What’s up? In this article, let’s just say the bass are. There are lots of ways to catch bass in the spring, but for some reason, the spinnerbait seems to have taken a backseat to swimbaits, Senkos, Chatterbaits and other trendy tackle. But several anglers still rely heavily on the spinnerbait for bass in the prespawn, spawn and post spawn periods of spring.
Elite Series pro Keith Combs employs a spinnerbait a lot in his fishing, and his experience on multiple fishing tours travelling the country, especially around Texas, has taught him some valuable input on spinnerbait applications around the bass spawn.
These simple tips will help you catch more spinnerbait bass in the spring:
Follow the bass upward in the prespawn
“Prespawn is easily my favorite time to throw a spinnerbait,” Combs said. “The big females suspend up in the water column to sun themselves in cold water. They’re not ready to spawn yet and generally I catch them best around standing timber or over other cover in stained water.”
The early spring bass tend to relate to cover but they are up in the water column. So many bass anglers will miss them fishing crankbaits and bottom bouncing baits like jigs. Those warming trends can really get big bass up higher in the water column.
“It’s not a numbers deal for me,” Combs said. “But it’s a 30-pound limit deal. You don’t get a bunch of bites fishing like this, but you get big ones.”
Combs runs his bait slow fishing it 5-8 feet down over 12-15 feet of water with standing timber on a lot of lakes he frequents all through Texas and various lakes across the country. The fish that come up and suspend in the tops of the trees will react to a big slow rolling spinnerbait. Combs likes a willow Colorado combination in a 3/4 ounce Strike King Hack Attack Heavy Cover spinnerbait.
Spin small for bedding bass
Comparatively speaking, Combs reaches for a much smaller spinnerbait when the bass move to the beds. Most guys put the spinnerbait away when bass are on the beds, but Combs has found that big bed guarding bass will crush a 1/4-ounce Strike King Baby Burner Spinnerbait.
He targets heavy cover-laden banks and that 1/4 ounce burner and small blades pulls through and over cover easily. The spinnerbait gives him an advantage over flipping and pitching because he can target a lot of cover on a single cast and find active fish without even having to see them.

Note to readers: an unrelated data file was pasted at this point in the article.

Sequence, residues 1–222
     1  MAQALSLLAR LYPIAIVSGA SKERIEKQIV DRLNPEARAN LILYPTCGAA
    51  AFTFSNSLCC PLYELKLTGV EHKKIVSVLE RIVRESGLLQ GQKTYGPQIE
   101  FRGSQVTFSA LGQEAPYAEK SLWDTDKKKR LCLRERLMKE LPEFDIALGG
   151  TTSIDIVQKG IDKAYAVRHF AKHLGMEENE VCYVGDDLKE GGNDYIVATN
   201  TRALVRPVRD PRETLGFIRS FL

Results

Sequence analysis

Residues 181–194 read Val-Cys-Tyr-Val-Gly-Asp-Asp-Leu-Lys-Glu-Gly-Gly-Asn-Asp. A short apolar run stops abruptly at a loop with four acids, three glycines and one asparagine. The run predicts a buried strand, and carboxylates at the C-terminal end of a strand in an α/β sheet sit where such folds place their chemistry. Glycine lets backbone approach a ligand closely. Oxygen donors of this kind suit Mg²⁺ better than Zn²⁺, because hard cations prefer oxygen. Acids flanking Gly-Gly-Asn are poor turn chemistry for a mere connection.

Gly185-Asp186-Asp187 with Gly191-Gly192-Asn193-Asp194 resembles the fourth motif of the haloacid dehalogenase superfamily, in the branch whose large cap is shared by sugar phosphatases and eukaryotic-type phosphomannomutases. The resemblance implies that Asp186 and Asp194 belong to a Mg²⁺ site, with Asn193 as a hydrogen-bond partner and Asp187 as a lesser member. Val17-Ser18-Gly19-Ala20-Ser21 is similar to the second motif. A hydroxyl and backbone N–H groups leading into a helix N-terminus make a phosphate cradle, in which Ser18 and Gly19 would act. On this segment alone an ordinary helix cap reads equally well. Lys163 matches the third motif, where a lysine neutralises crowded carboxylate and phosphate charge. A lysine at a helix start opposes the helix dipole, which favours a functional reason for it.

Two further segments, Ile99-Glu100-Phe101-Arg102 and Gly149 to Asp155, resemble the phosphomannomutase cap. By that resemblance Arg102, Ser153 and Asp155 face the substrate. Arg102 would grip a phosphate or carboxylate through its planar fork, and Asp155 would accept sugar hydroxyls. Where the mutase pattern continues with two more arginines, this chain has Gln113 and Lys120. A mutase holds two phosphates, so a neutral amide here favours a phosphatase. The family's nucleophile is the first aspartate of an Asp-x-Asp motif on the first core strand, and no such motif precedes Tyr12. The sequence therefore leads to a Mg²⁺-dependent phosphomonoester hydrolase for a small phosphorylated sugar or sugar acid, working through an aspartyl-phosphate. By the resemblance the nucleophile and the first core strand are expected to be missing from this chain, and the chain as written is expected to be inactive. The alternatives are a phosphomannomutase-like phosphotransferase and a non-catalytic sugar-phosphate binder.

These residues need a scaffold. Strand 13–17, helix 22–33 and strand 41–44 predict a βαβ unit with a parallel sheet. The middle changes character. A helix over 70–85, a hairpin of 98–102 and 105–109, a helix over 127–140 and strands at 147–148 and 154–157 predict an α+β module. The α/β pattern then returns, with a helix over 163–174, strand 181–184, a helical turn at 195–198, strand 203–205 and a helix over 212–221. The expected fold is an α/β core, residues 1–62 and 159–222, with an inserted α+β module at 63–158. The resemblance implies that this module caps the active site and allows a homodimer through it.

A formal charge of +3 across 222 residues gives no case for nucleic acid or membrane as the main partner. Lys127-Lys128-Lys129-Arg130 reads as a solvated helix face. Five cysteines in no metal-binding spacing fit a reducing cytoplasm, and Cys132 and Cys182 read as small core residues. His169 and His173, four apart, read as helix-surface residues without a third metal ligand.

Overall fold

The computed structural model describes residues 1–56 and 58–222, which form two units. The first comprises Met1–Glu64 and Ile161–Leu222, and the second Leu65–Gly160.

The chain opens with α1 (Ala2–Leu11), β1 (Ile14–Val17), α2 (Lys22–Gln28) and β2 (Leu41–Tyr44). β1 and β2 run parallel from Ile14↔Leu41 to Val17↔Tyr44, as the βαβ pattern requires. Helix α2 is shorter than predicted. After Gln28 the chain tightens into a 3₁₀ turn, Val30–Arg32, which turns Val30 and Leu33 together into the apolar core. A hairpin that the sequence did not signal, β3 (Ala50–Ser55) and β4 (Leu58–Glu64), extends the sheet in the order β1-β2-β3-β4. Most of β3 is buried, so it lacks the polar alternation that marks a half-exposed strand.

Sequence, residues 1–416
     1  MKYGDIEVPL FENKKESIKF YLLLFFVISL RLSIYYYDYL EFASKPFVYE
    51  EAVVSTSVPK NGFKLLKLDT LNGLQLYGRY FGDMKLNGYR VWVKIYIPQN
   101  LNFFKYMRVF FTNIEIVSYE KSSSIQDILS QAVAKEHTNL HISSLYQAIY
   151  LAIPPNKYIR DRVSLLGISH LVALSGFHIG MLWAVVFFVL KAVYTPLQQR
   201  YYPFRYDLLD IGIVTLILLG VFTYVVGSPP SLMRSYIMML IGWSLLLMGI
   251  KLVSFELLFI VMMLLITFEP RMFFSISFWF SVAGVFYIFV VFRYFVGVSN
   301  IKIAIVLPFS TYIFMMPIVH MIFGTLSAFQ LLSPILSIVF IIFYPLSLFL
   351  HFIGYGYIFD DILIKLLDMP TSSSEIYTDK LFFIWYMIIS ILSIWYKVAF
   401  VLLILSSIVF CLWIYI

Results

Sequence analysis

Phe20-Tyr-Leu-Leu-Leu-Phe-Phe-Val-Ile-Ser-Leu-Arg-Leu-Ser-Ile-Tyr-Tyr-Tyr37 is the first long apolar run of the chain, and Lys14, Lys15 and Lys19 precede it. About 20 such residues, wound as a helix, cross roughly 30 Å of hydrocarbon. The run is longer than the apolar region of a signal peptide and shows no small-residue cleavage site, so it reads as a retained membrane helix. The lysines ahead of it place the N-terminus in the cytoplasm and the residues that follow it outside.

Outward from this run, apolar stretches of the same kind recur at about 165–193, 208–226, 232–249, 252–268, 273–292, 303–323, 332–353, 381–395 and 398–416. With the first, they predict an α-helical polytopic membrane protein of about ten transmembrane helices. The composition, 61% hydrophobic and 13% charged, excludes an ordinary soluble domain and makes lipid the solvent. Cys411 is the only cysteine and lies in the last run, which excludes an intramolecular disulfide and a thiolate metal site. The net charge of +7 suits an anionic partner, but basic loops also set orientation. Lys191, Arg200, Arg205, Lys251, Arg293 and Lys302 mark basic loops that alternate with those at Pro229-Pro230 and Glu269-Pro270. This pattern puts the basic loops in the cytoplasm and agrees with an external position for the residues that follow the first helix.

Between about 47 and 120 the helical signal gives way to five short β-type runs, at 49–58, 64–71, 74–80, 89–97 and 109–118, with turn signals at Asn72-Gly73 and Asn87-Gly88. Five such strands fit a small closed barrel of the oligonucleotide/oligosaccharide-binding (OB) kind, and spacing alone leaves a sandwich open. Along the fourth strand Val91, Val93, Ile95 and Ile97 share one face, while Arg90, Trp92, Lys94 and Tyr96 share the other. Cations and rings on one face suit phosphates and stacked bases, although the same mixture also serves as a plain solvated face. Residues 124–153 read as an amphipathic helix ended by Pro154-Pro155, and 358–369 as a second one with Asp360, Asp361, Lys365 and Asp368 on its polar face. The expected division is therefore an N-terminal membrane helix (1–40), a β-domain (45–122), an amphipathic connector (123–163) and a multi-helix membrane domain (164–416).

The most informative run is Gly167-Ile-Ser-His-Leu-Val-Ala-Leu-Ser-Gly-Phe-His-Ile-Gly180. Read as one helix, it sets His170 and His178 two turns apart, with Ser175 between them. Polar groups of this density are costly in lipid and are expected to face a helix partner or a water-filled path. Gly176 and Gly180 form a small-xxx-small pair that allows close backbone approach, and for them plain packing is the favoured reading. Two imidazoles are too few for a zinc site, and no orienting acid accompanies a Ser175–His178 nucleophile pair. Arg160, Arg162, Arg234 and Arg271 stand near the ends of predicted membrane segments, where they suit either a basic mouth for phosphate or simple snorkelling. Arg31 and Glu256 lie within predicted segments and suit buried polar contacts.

But he admits that spawn is still very situational for spinnerbaits. “I like those dark, cloudy days with some wind when they are bedding for using a spinnerbait. It’s a lot more effective when you can’t sight fish or flip well because of wind. ”
You want fries with that shake
There is definitely at time after the spawn when spinnerbaits produce well for Combs again – fry guarders. After the bass have guarded the nest and their offspring are hatched, they will spend more time lurking in the shallows seeking cover for the fry to hide as they watch and ward off fry eaters. This makes them vulnerable to a blade again.
Combs opts for a big blade in the post spawn. He likes a 1/2 ounce Hack Attack Heavy Cover spinnerbait with a big willow leaf blade on it. He’s purposely trying to get the fry around bushes and wood cover to scatter so he can draw the attention of momma. The round head of the Hack Attack spinnerbait comes through cover easily.
The other spawn
Another time when bass seemingly get “dumb” involves the spawning of their favorite bait fish. When Combs fishes lakes with shad, he will throw a blade on a fast retrieve and keep his bait up near the top.
“You know you’re in the right area when you feel shad bumping your blade all the way back to the boat,” Combs said. “I will work areas of hard bottoms, floating docks, shallow cover fast trying to draw shad to my bait and likewise bass.”
Go big on spinnerbait tackle
Because Combs has caught some big bass on Texas lakes and all over the country for that matter, he really beefs up his tackle when spinnerbait fishing around the spring spawn. He likes 25-pound Seaguar Abraz-X in the prespawn fishing wood cover and hoping to catch double digit bass around said cover. After the prespawn, he drops down to 20-pound Seaguar Tatsu.
He’ll use a stouter rod in the prespawn, choosing a Power Tackle PG144 rod because the fish are much bigger then. All the rest of the time he’ll use a Medium Heavy PG 143 Power Tackle rod with a 7.3:1 gear ratio reel. He likes the faster speed because those big fish swim fast and he needs to be able to take up a lot of line to get a good hookset as those fish notoriously seem to swim right at him at high speed.
The spinnerbait has become slightly passé in recent years, and Combs admitted he still switches to a vibrating jig or swim jig at times. He, however, always seems to end up back at the spinnerbait because he’s developed so much confidence in it as a big fish bait. He uses heavy line, strong rods and spinnerbaits with stout hooks because as he says, “It catches big ones in the spring.”